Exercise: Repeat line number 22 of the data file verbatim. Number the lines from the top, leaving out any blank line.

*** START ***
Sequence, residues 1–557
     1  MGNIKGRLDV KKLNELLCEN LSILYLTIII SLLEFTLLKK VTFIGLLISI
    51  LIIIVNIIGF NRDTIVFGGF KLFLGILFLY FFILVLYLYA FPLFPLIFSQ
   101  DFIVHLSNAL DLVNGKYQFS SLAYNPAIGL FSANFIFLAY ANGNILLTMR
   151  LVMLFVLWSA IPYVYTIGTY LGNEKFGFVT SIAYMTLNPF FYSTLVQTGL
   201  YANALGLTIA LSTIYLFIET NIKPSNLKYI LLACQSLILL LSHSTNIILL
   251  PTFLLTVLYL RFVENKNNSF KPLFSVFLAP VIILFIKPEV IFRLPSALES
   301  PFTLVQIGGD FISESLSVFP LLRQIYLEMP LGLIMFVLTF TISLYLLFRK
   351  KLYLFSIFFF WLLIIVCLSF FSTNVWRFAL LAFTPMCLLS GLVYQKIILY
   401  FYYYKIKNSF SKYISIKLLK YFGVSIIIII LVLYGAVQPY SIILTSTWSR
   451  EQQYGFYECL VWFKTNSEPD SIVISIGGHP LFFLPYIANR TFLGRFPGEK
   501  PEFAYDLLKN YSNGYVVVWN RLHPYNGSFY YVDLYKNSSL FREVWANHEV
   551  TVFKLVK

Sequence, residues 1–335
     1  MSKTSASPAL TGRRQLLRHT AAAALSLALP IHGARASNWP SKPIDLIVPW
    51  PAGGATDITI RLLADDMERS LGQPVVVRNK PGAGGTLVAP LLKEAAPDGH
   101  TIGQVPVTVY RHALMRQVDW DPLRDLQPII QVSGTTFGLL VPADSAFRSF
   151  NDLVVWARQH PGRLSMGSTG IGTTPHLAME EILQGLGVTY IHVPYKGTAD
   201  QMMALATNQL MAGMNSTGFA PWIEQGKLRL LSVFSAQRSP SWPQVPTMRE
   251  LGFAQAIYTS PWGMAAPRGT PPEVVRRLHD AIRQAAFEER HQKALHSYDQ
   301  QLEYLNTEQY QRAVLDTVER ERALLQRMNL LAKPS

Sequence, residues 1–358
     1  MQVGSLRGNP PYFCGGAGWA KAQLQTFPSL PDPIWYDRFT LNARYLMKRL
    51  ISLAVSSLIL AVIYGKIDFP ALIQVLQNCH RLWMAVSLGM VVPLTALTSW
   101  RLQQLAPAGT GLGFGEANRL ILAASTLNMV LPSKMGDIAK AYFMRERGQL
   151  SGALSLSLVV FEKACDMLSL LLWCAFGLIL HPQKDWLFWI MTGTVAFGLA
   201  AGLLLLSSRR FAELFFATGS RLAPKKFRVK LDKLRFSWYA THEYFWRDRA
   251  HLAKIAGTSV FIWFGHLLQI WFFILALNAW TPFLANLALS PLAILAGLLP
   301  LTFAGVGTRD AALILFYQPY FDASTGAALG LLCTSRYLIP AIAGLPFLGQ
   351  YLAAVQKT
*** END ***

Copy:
Sequence, residues 1–358